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suitable tree species for shakes  RSS feed

 
christoph Berger
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I am planning on making shakes for my log cabin roof here in vermont and wondering what kind of trees would be suitable to use? I have white spruce on my land that I was considering.I just want them to last like 20 years at least with a 45 degree pitch. I also have sugar maples here black cherry, beach, and birch.that's about it so I was thinking the white spruce would be the best option. But if that is not a halfway decent wood for shakes I'm willing to go to the effort to find a better type of wood for it. Thanks

PS is it crucial to season the wood a whole lot before using it?
 
r ranson
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I don't know much about making shakes, but I'm very interested in it.  Locally we use ceader.  I don't know if they age it or not, but there is one guy who used to buck up and rive driftwood off the beach into shakes.  It was amazing to watch him work.  He used the froe to square off the block, then rived a shake, fliped the block over, rived another one. 

It's also really facinating that these actions have their own specialized vocabulary. 

Not hugely helpful on the wood question, but something I stumbled across today that might be of interest are these instructions for how to use a froe to rive shakes.




You can also use the froe to initiate the split when making shakes from dimension stock of straight-grained wood like cedar but only after you have squared the block to get rid of juvenile wood. In such a case you push or pull the handle toward the material you are splitting off the block. This causes the shake to taper as the split advances. You then turn the block over to start the second shake from the opposite end.

If you are splitting shakes from straight grain hardwood (like oak) you will usually find that it tapers very little and you will have to use a draw knife to create the taper you want. In this case you would usually not have to invert the block for subsequent splits. In most other uses of the froe, you are controlling the advancing split by pushing the froe handle toward the thicker part of the wood being split in order to get consistent thickness of the piece being split off the blocks.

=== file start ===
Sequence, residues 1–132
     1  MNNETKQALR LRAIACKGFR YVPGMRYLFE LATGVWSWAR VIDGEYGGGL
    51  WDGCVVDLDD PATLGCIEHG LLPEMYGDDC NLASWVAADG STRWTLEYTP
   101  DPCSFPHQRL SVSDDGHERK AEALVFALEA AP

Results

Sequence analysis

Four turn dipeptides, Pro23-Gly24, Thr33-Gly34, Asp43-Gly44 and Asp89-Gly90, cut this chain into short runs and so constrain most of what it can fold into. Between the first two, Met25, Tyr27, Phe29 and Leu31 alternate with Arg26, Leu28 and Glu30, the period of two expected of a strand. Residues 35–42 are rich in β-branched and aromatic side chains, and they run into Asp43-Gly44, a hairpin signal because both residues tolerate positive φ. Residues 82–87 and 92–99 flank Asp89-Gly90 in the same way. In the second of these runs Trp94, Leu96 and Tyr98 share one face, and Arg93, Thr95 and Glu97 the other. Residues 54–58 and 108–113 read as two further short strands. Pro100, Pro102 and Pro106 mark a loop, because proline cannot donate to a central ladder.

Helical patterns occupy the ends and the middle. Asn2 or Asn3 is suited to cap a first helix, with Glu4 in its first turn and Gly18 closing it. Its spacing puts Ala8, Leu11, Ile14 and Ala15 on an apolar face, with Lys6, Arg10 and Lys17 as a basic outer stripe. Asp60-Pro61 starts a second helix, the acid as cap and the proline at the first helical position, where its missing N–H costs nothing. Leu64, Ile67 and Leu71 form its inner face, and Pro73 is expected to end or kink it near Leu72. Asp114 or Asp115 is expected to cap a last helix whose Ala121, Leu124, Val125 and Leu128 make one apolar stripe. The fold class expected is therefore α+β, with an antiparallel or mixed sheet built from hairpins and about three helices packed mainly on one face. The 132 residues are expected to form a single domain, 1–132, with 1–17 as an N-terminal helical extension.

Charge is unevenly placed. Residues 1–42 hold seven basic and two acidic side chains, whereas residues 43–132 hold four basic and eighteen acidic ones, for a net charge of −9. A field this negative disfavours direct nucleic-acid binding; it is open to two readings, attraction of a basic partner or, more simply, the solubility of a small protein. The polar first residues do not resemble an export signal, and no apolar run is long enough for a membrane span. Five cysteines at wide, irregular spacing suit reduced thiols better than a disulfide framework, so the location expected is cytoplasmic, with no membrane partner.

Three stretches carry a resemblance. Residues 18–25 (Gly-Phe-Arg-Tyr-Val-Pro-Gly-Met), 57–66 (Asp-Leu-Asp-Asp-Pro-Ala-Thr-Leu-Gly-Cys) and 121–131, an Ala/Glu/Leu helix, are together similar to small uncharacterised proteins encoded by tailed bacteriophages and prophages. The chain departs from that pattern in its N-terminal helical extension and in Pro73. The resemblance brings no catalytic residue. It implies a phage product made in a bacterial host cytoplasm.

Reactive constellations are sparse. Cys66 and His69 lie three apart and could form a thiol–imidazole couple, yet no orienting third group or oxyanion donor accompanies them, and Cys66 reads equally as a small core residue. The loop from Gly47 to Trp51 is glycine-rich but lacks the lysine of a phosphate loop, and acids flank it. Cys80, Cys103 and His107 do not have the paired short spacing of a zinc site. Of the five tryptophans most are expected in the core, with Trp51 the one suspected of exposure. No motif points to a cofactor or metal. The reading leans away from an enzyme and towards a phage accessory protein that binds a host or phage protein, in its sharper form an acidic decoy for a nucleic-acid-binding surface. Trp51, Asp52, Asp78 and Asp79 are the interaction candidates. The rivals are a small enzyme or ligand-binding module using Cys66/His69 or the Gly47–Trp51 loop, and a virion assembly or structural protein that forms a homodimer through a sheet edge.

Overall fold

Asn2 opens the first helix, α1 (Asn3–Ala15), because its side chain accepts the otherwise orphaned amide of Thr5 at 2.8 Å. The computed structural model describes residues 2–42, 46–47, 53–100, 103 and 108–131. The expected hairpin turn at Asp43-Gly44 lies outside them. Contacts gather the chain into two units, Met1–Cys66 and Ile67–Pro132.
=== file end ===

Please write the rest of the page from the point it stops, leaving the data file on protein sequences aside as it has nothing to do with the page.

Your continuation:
Dale Gi
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I have two thoughts that come from an off-the-grid cabin we are building in Alaska using natural methods and materials.
   1) The Denaina, a local native tribe used birch bark for shingles.  That's not shakes, but it might be useful information.  The would take 1/2 the diameter of the tree's bark and use it like half-round ceramic roofing tiles, alternating concave and convex.  Birch bark is waterproof (think of birch bark canoes), that's why the tree can be rotten, but the bark holds it's shape.
   2) On our property there was the collapsed remains of a 100-year old house.  Both for recycling purposes, and for preserving the history of the land, we are recycling everything we can.  One of the things we managed to salvage was a large number of cedar shingles.  We brushed them with a wire brush (manual, not electric -- that would have chewed through them) to get the old dirt and moss off (if any).  Then, we coated them with boiled linseed oil, and put them on our roof (where it is not earthen), and on some walls.  The message here is that many of the shingles were still good after about 100 years of exposure to Alaskan winters.

Hope that gives you some ideas...
 
jared strand
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If you have a SURPLUS of sugar maple, I bet they would work great- bake them in a slow fire to carmelize the sugars into something like shellac, they should last.
 
nancy sutton
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What about that Japanese process of 'charring, toasting, singeing... " ?   Maybe it only works on cedar? ?   Too lazy to dig it out, but there's a thread here somewhere
 
Jay Angler
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I think that making slowly biodegradable houses is awesome, but just want to remind those considering cladding with shakes about considering the fire risks. In our area, the fire department is seriously discouraging shakes because of forest fire risk. If you are considering shakes, also think about how you could have a sprinkler system to thoroughly water them down if needed, planting of fire-resistant species in patterns that would redirect fire, ponds etc. Consider the likely direction fire might come from, and consider a fire-resistant material such as cob for that direction.